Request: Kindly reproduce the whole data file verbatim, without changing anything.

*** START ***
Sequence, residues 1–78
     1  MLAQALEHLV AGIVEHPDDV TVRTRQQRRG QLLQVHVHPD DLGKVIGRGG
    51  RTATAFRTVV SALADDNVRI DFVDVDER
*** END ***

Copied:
Sequence, residues 1–78
     1  MLAQALEHLV AGIVEHPDDV TVRTRQQRRG QLLQVHVHPD DLGKVIGRGG
    51  RTATAFRTVV SALADDNVRI DFVDVDER